A Life No One Will Remember. A Story You Will Never Forget.
France, 1714: in a moment of desperation, a young woman makes a Faustian bargain to live forever and is cursed to be forgotten by everyone she meets.
Thus begins the extraordinary life of Addie LaRue, and a dazzling adventure that will play out across centuries and continents, across history and art, as a young woman learns how far she will go to leave her mark on the world.
But everything changes when, after nearly 300 years, Addie stumbles across a young man in a hidden bookstore and he remembers her name.
I just want to start this review by saying that I went into this book completely blind. I kept seeing it get good reviews on Goodreads and Instagram, and even though the reviews were coming from people who I didn’t overlap with their reading preferences 100%, I was intrigued by the premise that I skimmed and requested the audiobook from the library. So this is the review that I wish I had read before picking up The Invisible Life of Addie LaRue.
To begin with, Schwab’s writing style is stunning. It is simple, profound, and eloquent, all in one. The settings and culture and descriptions of everything just paint a masterpiece, and I am so excited that this book is being turned into a movie. I especially loved that she created pieces of art that tie into the story. Whether Addie is in 18th century France or 21st century New York City, Schwab does a phenomenal job tying in art, music, history, and other significant cultural pieces into Addie’s life.
Moving on to the characters, they were equally as beautiful. Each one was a bit quirky or different in their own way, but was beautiful for it. Even Luc, the ‘antagonist,’ was beautifully crafted. Each character’s strengths and weaknesses wove together to create a story about the beauty of humanity, and spoke profoundly to themes like love and friendship, autonomy and agency, life and death, and even the importance of your name. This book was incredibly original, I had no idea how it was going to end, and I struggle to even think of another book to compare it to.
All of that being said, there were a few drawbacks. First of all, every main character was lesbian, gay, or bisexual. Schwab herself is a lesbian, and so I can see how she might have used Addie’s experience to highlight some of the challenges that the LGBTQ community faces. It just struck me as odd, because I’ve never encountered a story where this was the case. It seems like a very deliberate choice, and despite reading several interviews about the book, I couldn’t discover why she made it. In fairness, though, it was very naturally done, and didn’t feel like it was forced or done to make a point.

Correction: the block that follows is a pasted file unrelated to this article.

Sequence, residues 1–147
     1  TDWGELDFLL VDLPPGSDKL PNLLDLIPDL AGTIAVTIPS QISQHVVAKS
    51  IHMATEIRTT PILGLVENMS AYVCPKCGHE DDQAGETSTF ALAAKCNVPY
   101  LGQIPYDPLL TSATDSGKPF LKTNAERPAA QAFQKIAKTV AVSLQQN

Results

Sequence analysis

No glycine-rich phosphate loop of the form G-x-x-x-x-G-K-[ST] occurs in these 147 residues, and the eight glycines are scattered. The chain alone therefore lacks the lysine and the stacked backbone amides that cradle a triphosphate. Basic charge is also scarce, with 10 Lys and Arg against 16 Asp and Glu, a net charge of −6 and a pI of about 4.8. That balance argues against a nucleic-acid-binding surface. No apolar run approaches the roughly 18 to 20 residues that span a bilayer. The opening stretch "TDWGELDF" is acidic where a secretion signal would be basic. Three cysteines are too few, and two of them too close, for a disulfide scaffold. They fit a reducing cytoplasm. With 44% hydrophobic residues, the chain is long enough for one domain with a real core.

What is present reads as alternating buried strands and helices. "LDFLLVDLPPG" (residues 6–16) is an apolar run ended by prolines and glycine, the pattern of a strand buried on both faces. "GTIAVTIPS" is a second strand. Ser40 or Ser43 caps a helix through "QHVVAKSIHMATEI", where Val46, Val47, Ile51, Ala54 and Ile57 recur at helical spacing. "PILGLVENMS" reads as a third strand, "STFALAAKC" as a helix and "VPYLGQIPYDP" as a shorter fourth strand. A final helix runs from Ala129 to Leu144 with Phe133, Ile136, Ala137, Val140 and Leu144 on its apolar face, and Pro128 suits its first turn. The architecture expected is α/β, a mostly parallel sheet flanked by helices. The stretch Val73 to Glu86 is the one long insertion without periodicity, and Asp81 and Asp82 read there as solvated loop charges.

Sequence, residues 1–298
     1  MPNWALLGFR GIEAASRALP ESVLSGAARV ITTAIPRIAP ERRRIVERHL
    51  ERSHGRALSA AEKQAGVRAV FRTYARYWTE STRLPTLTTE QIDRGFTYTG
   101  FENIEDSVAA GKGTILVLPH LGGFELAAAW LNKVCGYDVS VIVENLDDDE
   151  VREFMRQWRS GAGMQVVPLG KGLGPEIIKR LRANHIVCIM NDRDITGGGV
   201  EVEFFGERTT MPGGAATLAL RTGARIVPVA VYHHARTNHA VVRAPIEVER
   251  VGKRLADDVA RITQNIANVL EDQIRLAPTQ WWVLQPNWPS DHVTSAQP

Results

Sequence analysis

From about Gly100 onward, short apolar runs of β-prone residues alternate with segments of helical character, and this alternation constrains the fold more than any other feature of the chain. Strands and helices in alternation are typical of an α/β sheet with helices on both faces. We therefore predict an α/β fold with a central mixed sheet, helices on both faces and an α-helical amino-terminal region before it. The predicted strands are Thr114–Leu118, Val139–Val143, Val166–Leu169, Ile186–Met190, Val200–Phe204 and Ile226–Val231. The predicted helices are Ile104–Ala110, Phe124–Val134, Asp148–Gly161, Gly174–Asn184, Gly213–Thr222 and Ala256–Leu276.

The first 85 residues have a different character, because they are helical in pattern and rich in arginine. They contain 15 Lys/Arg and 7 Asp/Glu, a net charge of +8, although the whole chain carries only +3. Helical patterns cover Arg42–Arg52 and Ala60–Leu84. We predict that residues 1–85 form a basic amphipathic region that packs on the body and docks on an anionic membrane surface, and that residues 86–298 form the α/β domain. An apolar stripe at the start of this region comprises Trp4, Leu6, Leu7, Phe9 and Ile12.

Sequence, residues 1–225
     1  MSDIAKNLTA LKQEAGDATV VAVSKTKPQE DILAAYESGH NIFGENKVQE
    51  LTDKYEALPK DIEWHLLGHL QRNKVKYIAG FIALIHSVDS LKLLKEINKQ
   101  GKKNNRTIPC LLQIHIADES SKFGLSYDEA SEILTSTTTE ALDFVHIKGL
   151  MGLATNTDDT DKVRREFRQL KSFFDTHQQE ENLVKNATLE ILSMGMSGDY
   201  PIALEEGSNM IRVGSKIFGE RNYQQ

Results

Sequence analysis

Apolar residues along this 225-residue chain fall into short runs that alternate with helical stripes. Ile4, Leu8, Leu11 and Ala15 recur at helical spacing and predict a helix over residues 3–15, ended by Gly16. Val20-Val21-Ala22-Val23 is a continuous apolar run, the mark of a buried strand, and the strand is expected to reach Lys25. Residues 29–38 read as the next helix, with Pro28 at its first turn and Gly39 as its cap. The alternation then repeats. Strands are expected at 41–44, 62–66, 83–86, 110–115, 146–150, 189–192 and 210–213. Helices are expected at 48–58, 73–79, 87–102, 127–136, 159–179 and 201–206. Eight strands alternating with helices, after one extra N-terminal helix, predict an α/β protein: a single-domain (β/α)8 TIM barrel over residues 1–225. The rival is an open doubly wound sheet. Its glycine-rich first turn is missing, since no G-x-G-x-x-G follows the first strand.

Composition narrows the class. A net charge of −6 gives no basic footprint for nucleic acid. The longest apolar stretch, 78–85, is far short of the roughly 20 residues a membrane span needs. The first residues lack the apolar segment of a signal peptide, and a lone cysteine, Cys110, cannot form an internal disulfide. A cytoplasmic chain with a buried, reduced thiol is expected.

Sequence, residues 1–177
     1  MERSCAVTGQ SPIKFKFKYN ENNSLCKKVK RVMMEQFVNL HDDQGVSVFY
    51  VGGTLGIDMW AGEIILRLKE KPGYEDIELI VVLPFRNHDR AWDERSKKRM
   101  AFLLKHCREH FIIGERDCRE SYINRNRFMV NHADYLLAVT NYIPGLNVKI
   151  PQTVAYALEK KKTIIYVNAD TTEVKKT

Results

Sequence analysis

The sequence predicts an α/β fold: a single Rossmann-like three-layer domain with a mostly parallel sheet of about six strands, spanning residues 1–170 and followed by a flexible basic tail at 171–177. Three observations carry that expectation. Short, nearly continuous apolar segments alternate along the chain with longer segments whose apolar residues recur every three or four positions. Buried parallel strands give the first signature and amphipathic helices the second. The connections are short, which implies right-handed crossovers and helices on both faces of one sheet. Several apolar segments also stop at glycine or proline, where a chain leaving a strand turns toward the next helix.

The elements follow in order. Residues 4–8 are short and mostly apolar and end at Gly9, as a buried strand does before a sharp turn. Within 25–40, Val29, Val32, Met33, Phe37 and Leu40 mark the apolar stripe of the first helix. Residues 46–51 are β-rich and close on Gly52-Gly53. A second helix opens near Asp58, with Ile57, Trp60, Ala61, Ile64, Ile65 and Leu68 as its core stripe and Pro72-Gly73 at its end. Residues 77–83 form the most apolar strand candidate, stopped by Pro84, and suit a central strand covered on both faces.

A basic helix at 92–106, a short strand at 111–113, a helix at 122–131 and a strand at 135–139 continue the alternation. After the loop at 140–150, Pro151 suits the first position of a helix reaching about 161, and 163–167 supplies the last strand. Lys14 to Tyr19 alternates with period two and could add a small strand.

The second drawback is that the story includes some morally gray issues. For example, Addie will never be able to earn money via a normal job, and so she turns to things like prostitution and stealing in order to be able to eat every day. They are portrayed as decisions made out of desperation, and Henry does eventually rebuke her and point out that she is hurting everyone she steals from, but there is a subtle message of the ends justifying the means.
Finally, there were a lot of sexual innuendos, and the language got quite colorful at times. It was a very raw portrait of humanity, but I wish I had known what exactly I was getting in to when I started it. Would I have chosen to read the book if I had known everything in this review? I can’t say for sure. Overall, the story and the writing of it are stunning, but there are a few things to take into consideration before picking up The Invisible Life of Addie LaRue.